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A Complete Guide to Bandaging: What Paramedic Students Need to Know

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Wound care is a crucial aspect of patient management, and can impact a variety of factors, including the duration and extent of recovery. It can even determine whether a patient is readmitted to a hospital because of a more serious issue, such as a developing infection.

Addressing a wound and establishing the appropriate treatment is one of the most important stages in the Wound Prevention and Management Cycle, and can help decrease the risk of an infection or complication as the wound heals. Read on for a helpful guide on the techniques and applications paramedics can use to help quickly and safely address patient injuries.

Classify the Wound First

Immediately after someone is wounded or injured, it is important to carefully assess the level of damage. Identifying and categorizing the wound helps paramedics to determine and apply the appropriate treatment quickly and at minimized risk to the patient.

Open wounds can include superficial skin damage as well as more serious injuries such as incisions, lacerations, and punctures. Incisions can be treated depending on the size and depth of the wound. Lacerations, which are irregular wounds caused by tearing, can produce underlying tissue damage, and may require more serious treatments like stitches. Punctures are perhaps the most serious open wound, and can cause underlying tissue damage that can lead to infection. These injuries should be treated immediately.

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 The effect of the bandaging depends on the type of wound

Closed wounds such as contusions or crushing injuries often involve blunt-force trauma, and don’t have outward signs of damage. These can be hard to diagnose because they are internal, but generally require compression when being treated.

It’s also important in primary care paramedic courses to be aware of how much time has passed between the initial infliction of the wound and treatment. A relatively new wound that also has a high amount of debris or tissue should be considered more serious than one without due to the risk of infection.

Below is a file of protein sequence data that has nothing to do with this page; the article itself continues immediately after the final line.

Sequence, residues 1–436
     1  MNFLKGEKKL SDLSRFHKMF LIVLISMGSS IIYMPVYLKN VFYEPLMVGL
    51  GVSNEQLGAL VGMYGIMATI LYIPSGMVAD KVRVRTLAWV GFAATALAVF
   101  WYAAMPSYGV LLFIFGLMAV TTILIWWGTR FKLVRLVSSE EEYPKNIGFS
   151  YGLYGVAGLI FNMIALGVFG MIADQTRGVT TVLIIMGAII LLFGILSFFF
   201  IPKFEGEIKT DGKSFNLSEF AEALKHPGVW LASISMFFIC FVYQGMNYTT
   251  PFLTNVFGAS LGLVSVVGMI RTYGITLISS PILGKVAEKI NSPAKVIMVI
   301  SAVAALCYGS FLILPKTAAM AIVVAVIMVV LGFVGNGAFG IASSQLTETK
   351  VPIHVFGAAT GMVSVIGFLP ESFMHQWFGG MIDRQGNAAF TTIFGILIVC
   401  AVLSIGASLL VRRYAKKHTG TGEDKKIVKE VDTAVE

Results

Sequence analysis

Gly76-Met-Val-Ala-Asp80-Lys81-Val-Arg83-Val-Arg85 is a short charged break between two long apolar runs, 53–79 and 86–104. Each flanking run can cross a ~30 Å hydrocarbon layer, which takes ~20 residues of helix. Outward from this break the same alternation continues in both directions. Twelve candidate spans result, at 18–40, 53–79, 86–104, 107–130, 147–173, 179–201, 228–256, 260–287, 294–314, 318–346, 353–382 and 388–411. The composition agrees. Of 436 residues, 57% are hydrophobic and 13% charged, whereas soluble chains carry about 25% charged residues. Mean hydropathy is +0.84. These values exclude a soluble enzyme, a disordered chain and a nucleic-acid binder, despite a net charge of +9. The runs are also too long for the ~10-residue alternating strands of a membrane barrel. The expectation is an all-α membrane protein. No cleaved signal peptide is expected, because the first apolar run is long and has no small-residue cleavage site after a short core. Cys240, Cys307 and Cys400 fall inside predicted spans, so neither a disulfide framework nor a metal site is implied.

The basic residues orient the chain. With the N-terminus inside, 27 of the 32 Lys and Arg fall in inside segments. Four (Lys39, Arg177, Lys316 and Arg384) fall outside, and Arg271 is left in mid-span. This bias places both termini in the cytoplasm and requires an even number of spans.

Choose the Right Type of Bandage or Dressing

Outwardly, it may appear as if bandage and dressing are used interchangeably. However, a standard paramedic course teaches students that a dressing refers to the primary layer of material in direct contact with the wound, while a bandage is used more often to keep dressings in place, apply pressure to control bleeding, or support a strained muscle.

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 The nature of the wound should determine which bandage is used

Bandages come in three general categories: roller, tubular, and triangular. Roller bandages can be used with both open and closed wounds, while tubular bandages are most often used on fingers and toes because they are difficult to bandage with gauze. Triangular bandages can be opened up to form a sling as well as become a cold compress to help reduce swelling.

Utilize Wrapping Techniques from Your Paramedic Course

When applying a bandage or dressing to a wound, it’s important to consider how exactly the bandage will be applied, because some areas of the body are more difficult to dress than others. Layering is an important aspect of bandaging a wound, and should be done first to cover the afflicted area, then to secure the contact layer, and finally to keep the wrappings in place as a whole.

Be sure to include an anchor wrap across the area which will be bandaged, as this will provide a measure of stability to the dressing. Wrap in a circular pattern to cover small areas, a spiral pattern for cylindrical areas such as the arms, calves, or thighs, and a figure-eight wrap to support or limit movement at the joints. The wrap pattern is determined by the area and nature of the injury, and can change depending on severity.

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